Teams Expands Coverage for Group Policy Assignment

Teams Group Policy Assignment Possible for Many More Policy Types, But Only Using PowerShell for Now

Microsoft published two recent message center posts (MC557818 on May 19, and MC557241 on May 18) that seem to cover much the same ground. In a nutshell, tenants that use Teams group policy assignments to set policies based on group membership rather than individual assignments on a per-account basis now have access to a wider set of policies. The caveat is that you must create and manage group assignments for many policies using the Teams PowerShell module (currently at version 5.2).

Support in PowerShell is available now. Given usual practice, it shouldn’t be too long before Microsoft updates the Teams admin center to accommodate the new functionality.

Teams Group Policy Assignments

The Teams admin center supports group assignments for popular policies like the calling policy, call park policy, teams policy, live events policy, meeting policy, and messaging policy. You know when the Teams admin center supports group-based assignment if you see a tab for this purpose when working with a policy. Figure 1 shows that four group assignments are active for messaging policies.

Teams group policy assignment tab available for messaging policies
Figure 1: Teams group policy assignment tab available for messaging policies

To process group-based assignments, Teams uses a background process to find the members of the target group and make the assignments. During this process, Teams follows rules to ensure that directly-assigned policies take precedence over group assignments and that group assignments with higher priority have precedence over those with lower priority. Assignments are not immediate and can take up to 24 hours to become effective.

Teams Policies Now Supported for Group Assignment

What’s changing is that Microsoft has introduced support for group-based assignments for many policies in areas like Teams Phone, Teams Premium, and Teams support for VDI,:

  • Application Access Policy.
  • Call Hold Policy.
  • Carrier Emergency Call Routing Policy.
  • Cortana Policy.
  • Dial Out Policy.
  • Education Assignments App Policy.
  • Emergency Calling Policy.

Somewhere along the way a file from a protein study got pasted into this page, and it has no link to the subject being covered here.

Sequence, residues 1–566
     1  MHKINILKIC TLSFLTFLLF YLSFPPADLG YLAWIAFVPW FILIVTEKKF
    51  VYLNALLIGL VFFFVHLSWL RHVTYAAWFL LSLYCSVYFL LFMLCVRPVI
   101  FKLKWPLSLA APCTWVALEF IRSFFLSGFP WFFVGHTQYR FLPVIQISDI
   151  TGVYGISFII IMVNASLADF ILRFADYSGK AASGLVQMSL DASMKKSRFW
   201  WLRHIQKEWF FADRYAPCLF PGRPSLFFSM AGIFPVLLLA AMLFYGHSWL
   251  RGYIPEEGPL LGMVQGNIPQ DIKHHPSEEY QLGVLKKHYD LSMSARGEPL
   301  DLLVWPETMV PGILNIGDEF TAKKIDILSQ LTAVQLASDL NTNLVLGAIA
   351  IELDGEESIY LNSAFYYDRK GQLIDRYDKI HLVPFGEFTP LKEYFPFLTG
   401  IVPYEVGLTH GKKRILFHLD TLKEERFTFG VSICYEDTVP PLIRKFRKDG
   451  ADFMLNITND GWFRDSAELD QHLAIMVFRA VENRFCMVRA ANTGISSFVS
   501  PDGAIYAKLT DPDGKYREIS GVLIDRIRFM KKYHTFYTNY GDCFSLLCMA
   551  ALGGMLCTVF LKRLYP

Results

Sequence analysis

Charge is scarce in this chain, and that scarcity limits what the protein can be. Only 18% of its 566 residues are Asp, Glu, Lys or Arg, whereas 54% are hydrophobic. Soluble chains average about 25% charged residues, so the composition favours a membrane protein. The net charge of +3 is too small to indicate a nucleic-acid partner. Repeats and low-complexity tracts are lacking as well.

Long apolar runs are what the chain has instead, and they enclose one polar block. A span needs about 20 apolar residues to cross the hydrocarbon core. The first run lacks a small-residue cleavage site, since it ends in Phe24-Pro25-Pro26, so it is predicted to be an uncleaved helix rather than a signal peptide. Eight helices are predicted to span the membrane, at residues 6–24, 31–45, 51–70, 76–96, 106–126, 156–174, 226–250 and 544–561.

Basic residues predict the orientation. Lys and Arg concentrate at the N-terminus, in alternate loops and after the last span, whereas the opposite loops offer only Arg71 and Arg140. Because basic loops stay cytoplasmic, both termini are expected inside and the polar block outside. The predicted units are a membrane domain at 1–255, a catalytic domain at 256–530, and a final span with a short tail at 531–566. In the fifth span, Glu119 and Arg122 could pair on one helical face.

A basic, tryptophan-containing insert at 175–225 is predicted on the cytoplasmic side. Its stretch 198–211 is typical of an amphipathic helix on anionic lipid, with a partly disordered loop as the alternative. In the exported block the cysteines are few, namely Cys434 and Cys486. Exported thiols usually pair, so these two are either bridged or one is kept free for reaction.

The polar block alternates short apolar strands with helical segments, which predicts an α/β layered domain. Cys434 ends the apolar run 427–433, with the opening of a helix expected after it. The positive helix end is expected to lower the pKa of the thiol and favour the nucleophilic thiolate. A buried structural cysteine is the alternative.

• Enhanced Encryption Policy.
  • Events Policy.
  • External Access Policy.
  • Feedback Policy.
  • Files Policy.
  • IPPhone Policy.
  • Media Logging Policy.
  • Meeting Branding Policy.
  • Meeting Template Permission Policy.
  • Mobility Policy.
  • Notification And Feeds Policy.
  • Room Video Tele Conferencing Policy.
  • Synthetic Automated Call Policy.
  • Teams Branch Survivability Policy.
  • Template Permission Policy.
  • VDI Policy.
  • Video Interop Service Policy.
  • Voice Routing Policy.
  • Voicemail Policy.

You can only assign these policies to groups using PowerShell. For example, this command uses the Get-MgGroup cmdlet to retrieve the group identifier for a Microsoft 365 group and uses the identifier as the target to perform a group assignment for a Teams events policy. Giving the assignment a rank of 1 means that Teams will treat this as the most important assignment and will use it unless a direct policy assignment exists for a user:

$GroupId = (Get-MgGroup -Filter "displayName eq 'All tenant member user accounts'").Id
New-CsGroupPolicyAssignment -GroupId $GroupId -PolicyType TeamsEventsPolicy -PolicyName "Webinar Organizers" -Rank 1

Policy assignments based on group membership (Microsoft 365 groups, dynamic Azure AD groups, security groups, and distribution lists) is a good idea for large tenants where clearly defined sets of user accounts share the same policy needs. It rapidly becomes boring to edit multiple accounts to make policies assignments, so if you can use a group for assignments, it’s a good idea.

Introducing Dark Mode in Teams Admin Center

When I refreshed my knowledge of how the Teams admin center deals with group-based assignments, I noted the appearance of dark mode support for the console (announced in MC567496, 2 Jun 2023). I’m not a great fan of dark mode except on mobile devices but recognize that many appreciate having the option.

If you choose to go with dark mode, make sure that any customizations applied to the tenant Microsoft 365 theme show up nicely. In my case, they didn’t, as obvious from Figure 2.

Teams admin center in dark mode
Figure 2: Teams admin center in dark mode

Microsoft can’t account for the color choices made by tenants when they customize their themes, so they can’t be blamed. This time!

Stay updated with developments across the Microsoft 365 ecosystem by subscribing to the Office 365 for IT Pros eBook. We do the research to make sure that our readers understand the technology.

Leave a Reply

This site uses Akismet to reduce spam. Learn how your comment data is processed.